Investors – or just about anyone who’s interested in real estate for that matter – will often come across the term due diligence when they are set to acquire a residential or commercial property.
Going beyond legalese, due diligence is basically a term used to describe a set of processes formalizing the sale and turnover of a residential or commercial property. If you are set to acquire a multifamily complex of some 15, 50 or 200 units, it’s essential to do your part of the due diligence before you are able to enjoy the cash flow generated by these assets.
Sure enough, the due diligence part comes off as the most tedious and time-consuming step in any real estate transaction. Sometimes, it’s easy to say, “Oh man, there’s a lot to do. How about let’s skip some steps and get straight to sealing the deal?” Oh, how I wish it would have been that simple! There are strict laws governing the sale of properties, and failing to handle all the necessary paperwork can put you at the receiving end of a legal complaint. This puts your reputation at risk, and not only will multifamily sellers see you under a negative light, but it will also affect future acquisitions. Will a mortgage lender approve your application for a loan if they know you have had failed to do your due diligence for a previous transaction? Obviously not.
Another reason why due diligence is so important is that it secures your interests. It allows you to ensure that the transaction is worth your time and money. If the seller fails to deliver their part of the due diligence (such as securing repairs, as negotiated, matching of rents with the bank deposits, proper leases in place, etc.), you are in the position to walk away from the deal.
As an investor, you have the responsibility of doing your part of the due diligence by providing the needed documents and doing the necessary steps. It’s hectic, but you don’t really have any choice on this.
All you need to do is to apply the right approaches when it comes to handling each step. I hope these tips will help you overcome the stress when conducting due diligence.
It’s always important to have the property assessed before conducting due diligence. Before reaching a closed deal, it is essential to have the property inspected by a professional assessor. The task involves examining the overall condition of the property and making sure the community provides easy access to basic services such as education, emergency response, and healthcare. In multifamily, the lender will send their assessors to accomplish it.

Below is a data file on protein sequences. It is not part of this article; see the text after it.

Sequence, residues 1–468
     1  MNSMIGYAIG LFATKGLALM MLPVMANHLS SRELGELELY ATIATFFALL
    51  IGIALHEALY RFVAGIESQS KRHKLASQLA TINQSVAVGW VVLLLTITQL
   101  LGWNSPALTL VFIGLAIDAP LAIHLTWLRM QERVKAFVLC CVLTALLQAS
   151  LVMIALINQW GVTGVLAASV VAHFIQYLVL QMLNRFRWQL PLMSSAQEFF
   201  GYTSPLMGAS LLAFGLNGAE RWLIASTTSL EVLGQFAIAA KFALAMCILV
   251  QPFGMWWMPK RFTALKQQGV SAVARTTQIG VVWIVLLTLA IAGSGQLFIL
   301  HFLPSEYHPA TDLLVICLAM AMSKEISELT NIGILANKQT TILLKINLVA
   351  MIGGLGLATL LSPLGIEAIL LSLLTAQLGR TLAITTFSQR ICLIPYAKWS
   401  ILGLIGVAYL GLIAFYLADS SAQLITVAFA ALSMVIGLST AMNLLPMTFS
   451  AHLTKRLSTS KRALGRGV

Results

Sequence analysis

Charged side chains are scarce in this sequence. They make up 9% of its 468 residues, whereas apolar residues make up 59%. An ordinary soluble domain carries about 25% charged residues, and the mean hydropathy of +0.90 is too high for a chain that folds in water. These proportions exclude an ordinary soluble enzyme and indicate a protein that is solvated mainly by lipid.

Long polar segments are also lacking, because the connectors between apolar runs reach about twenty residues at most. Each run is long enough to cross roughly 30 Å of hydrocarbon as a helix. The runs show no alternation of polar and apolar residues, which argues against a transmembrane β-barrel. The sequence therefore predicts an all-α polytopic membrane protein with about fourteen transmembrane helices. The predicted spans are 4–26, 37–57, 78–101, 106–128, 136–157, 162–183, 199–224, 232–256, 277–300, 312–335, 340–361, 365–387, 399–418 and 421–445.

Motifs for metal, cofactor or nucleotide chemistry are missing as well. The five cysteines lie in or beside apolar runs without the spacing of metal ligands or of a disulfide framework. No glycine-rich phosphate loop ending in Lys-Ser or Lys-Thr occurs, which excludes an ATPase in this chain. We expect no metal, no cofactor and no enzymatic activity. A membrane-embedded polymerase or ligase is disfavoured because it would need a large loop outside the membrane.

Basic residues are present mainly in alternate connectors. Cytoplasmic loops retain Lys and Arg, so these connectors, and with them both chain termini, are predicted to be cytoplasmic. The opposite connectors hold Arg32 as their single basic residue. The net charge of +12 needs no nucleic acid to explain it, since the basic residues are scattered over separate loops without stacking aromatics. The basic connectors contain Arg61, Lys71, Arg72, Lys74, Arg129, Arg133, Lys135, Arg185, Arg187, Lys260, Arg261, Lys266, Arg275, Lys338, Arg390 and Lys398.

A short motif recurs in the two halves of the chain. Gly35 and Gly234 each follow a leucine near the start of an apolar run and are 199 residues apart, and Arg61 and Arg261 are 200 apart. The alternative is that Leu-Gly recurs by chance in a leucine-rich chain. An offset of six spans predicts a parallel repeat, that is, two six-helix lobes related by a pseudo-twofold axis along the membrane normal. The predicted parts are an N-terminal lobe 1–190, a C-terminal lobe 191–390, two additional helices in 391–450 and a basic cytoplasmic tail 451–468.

As much as possible, never conduct a spark check where you inspect only a “sample” of the total units you are going to purchase. Apparently, examining only 30 units out of 100 doesn’t provide a thorough picture of the property’s condition. You need to do an in-depth assessment of all units. Failing to do so will result in you getting a bad deal. If you are a multifamily syndicator, you need to show your investors the full inspection report before closing the purchase. This has helped my two acquisition companies the most. After going through 100% of the units, we were able to write out a “Repair Letter” to the seller with proof of our findings about 10 days into the due diligence process. It’s important not to wait until the 27th Day of the 30-day due diligence period. You need to have plenty of time to negotiate an agreeable Repair Credit at the closing of the sale.
It is of utmost importance that we check all the leases in place and their accuracy and make sure legal forms are duly signed by the residents of the complex. We also like to plot out the lease expirations dates on a monthly graph, to see if there are too many leases that expire in one particular month. Staggering the expiration dates is ideal for reducing risks in low occupancy.
After signing a contract with a seller, it’s important that you collect the proper finances for conducting due diligence. Known as a due diligence amount, it consists of the expenses you need to conduct the necessary processes on your part during the 45-day period (or whatever time frame specified by State law). The amount will vary depending on the contractor you are hiring to conduct inspections and surveys on the property. As a syndicator, my company is able to spend the upfront fees and then get reimbursed as the funds are collected in the Offering LLC account towards the closing date.
Does the market perform well? Does it promise a good return on your investment? It’s important to spend ample time researching the specifics of the local market. Make sure to look at the demographic data including job growth and purchasing power as well as the median rent in the area. You can work with local brokers or search online for comparable prices. You also need to look at the property taxes and access to basic community services.
What other important tips to follow in conducting due diligence? Let’s talk about it in the comments below.